Likewise, in Montgomery Ward & Co. v. Commissioner of Taxation, the corporation invested assets that were earmarked for future expansion of the retailing business in short-term securities. 276 Minn. 479, 480, 151 N.W.2d 294, 295 (1967). As in Great Lakes Pipe Line, Montgomery Ward carried the securities income as a current asset and used at least part of the income to pay operating expenses. Id. at 483, 151 N.W.2d at 296. In dicta, we recognized the possibility that at some point funds accumulated, held, and invested in anticipation of business expansion may have only a minimal relationship to the successful day-to-day operation of a general merchandising business. Id.

Our decisions in Great Lakes Pipe Line and Montgomery Ward provide a discernable boundary between business and nonbusiness income. A crucial issue in both decisions was the corporations' purchase of short-term securities with operating funds and integration of securities income into their respective petroleum pipeline and retailing operations. In both instances, on the record before the court, investment of excess assets in intangibles was an integral part of the corporations' day-to-day financial operations. See Great Lakes, 272 Minn. at 405, 412, 138 N.W.2d at 614-15, 619, Montgomery Ward, 276 Minn. at 483, 151 N.W.2d at 296-97 . In contrast, Hercules' ownership and sale of Himont stock was not sufficiently linked to its day-to-day operations to make the Himont gain business income. Hercules carried the Himont stock on its books for more than four years as an investment, not as an asset. Moreover, it sold its Himont holdings only in direct response to Montedison's hostile takeover threat. We see no indication that Hercules wanted or needed the proceeds from the Himont gain to provide operating funds. [6] These facts sufficiently distinguish the Himont stock from the securities at issue in Great Lakes Pipe Line and Montgomery Ward. The record leads us to conclude that neither Hercules' holding of the Himont stock nor the gain realized from its sale was used in Hercules' day-to-day business operations. Therefore, we hold that the Himont gain is nonbusiness income and thus is not apportionable to Minnesota.


Even if we had determined that the Himont gain fell within the statutory definition of business income, apportionment of that gain to Minnesota would violate the Due Process Clause of the United States Constitution. When a state seeks to tax a nondomicilary corporation's multistate income, the Due Process Clause requires that there must be a minimal connection between the taxing state and the taxpayer's interstate activities, and a rational relationship between the taxing state and the intrastate value of the corporate business. Allied-Signal, Inc. v. Director, Division of Taxation, 504 U.S. 768, 772 (1992). In the case of income from an intangible asset, these two requirements are satisfied by showing either that the taxpayer and the corporation that was the source of the income have a unitary business relationship, or that the intangible asset served "an operational rather than an investment function." Id. at 787.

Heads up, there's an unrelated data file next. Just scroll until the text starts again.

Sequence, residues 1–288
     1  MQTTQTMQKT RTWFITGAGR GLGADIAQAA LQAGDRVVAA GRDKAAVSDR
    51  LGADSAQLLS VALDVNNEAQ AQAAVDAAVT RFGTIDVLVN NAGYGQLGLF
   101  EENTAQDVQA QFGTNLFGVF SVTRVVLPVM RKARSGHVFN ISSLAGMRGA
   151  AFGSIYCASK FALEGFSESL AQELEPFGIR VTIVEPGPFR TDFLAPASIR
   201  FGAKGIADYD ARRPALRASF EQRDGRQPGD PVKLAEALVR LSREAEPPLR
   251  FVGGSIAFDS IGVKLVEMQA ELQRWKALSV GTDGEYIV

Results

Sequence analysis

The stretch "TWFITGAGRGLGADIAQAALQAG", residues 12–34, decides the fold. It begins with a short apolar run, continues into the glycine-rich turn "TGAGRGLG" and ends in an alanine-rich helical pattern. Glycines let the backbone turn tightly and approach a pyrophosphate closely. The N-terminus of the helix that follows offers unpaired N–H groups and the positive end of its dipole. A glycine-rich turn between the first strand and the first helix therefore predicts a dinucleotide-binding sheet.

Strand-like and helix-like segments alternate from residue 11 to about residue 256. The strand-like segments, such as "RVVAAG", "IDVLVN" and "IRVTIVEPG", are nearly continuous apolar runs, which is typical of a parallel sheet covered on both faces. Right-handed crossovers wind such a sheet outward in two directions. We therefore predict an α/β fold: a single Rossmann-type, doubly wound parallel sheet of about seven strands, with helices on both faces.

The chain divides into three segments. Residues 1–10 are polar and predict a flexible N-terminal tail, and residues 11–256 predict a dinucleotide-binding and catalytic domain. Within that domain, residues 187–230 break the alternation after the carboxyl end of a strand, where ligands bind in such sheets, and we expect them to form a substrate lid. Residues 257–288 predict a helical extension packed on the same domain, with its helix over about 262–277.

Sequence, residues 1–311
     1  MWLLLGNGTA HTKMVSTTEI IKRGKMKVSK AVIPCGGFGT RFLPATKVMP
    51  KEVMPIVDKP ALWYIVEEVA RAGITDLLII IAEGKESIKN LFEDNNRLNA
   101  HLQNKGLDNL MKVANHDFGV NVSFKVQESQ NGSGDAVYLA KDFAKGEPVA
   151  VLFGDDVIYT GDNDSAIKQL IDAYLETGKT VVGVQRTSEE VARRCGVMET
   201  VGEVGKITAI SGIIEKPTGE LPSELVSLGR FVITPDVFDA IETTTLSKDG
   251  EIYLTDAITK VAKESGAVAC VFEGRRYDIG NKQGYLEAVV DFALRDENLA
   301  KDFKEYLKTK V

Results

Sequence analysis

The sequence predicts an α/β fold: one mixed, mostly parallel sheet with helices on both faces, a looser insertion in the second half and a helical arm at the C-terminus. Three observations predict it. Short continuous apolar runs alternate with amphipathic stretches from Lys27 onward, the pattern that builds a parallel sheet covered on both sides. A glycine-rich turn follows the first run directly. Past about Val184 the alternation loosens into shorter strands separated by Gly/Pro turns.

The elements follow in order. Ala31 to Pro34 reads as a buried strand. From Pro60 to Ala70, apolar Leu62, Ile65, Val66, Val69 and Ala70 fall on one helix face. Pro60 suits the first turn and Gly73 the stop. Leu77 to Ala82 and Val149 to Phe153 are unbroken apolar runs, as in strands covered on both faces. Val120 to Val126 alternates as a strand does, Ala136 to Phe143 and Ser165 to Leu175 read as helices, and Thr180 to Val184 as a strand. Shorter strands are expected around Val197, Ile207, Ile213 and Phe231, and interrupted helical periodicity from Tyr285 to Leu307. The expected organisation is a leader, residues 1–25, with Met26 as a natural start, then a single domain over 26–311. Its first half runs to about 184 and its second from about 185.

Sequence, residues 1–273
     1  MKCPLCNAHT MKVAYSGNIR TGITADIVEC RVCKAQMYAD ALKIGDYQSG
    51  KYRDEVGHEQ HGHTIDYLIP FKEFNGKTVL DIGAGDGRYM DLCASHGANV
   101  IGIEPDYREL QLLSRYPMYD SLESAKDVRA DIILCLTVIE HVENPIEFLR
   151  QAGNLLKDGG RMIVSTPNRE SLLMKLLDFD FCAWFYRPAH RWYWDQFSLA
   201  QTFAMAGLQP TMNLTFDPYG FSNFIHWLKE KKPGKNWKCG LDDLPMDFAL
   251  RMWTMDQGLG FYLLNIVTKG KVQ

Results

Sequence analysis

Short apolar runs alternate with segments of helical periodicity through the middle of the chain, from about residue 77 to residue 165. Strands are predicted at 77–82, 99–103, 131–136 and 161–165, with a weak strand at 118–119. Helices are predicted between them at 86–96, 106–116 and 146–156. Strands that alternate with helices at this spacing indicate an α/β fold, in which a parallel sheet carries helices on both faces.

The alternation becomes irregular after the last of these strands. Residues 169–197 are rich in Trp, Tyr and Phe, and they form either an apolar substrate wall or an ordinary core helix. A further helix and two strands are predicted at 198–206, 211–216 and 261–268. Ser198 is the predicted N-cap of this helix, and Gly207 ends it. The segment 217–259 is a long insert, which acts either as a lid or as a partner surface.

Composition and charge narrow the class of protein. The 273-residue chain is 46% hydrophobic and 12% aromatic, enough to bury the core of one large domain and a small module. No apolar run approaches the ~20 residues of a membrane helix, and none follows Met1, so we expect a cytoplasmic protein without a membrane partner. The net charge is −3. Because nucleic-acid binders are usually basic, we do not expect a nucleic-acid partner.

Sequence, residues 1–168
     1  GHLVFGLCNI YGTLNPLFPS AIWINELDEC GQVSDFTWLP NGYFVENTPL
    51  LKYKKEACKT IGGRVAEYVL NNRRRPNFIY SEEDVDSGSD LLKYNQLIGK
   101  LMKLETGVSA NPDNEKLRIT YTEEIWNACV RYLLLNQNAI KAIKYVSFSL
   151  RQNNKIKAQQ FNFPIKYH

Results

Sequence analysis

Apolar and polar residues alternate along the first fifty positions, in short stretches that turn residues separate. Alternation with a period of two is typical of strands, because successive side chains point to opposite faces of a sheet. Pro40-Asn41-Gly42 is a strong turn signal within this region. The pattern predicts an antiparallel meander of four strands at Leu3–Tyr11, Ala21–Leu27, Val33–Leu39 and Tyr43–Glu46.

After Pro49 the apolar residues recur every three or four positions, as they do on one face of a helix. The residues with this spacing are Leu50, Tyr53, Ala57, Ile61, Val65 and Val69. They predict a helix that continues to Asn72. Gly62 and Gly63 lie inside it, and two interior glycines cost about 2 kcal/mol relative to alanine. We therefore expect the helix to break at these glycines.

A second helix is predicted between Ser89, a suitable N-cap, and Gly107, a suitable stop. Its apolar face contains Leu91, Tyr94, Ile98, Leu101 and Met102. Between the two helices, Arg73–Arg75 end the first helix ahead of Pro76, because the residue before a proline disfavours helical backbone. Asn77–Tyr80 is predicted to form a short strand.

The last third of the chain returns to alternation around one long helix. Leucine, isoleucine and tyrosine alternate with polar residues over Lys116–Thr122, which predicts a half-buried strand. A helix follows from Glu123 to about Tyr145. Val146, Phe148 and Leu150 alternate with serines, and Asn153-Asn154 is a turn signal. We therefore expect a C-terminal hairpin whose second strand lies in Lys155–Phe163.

The United States Supreme Court has stated that a unitary business relationship requires a "flow of value," that is, “some sharing or exchange of value not capable of precise identification or measurement -- beyond the mere flow of funds arising out of a passive investment or a distinct business operation." Container Corp. of America v. Franchise Tax Bd., 463 U.S. 159, 166 (1983). In 1992, the Court reaffirmed its three-prong test for finding a unitary business relationship: functional integration, centralization of management, and economies of scale. Allied-Signal, 504 U.S. at 783. In addition, previous opinions by both the United States Supreme Court and this court have identified factual situations that indicate the presence of a unitary business relationship. These situations include loans from the parent corporation to the subsidiary, advice and consultation, and the parent corporation's control over management of the subsidiary. See, e.g., Container Corp., 463 U.S. at 173, 180 n.19; ASARCO, Inc. v. Idaho State Tax Comm'n, 458 U.S. 307, 320-24 (1982); Allied-Signal, 504 U.S. at 789; Watlow Winona, Inc. v. Commissioner of Revenue, 495 N.W.2d 427, 432 (Minn. 1993).

Applying the law set forth in these cases, we see scant evidence of a unitary business relationship between Hercules and Himont. While it is true that Himont executed a note to Hercules in 1983 for $70 million, the note existed only to equalize the amount of capital Hercules and Montedison put into Himont. Moreover, it was at a variable, commercially competitive interest rate. Hercules did not otherwise loan money to or guarantee loans for Himont. Similarly, Hercules provided a broad spectrum of administrative services to Himont, including personnel, facilities, equipment systems, and equipment management, but these services were comparable to those available from many firms that provided corporate out-sourcing services. Importantly, Hercules provided these services at arm's length prices, and Himont continued to purchase them even after Hercules had sold its interest in Himont. The arm's length nature of these transactions indicates that they did not embody the requisite flow of value to create a unitary business relationship. Finally, Hercules could not exert sole control over Himont's management because it had to share control with Montedison. Hercules never owned more than 50% of Himont's stock, it was never able to appoint more than half of Himont's board or managers, and it could not appoint or dismiss the president without the board's approval. None of these situations create a unitary business relationship.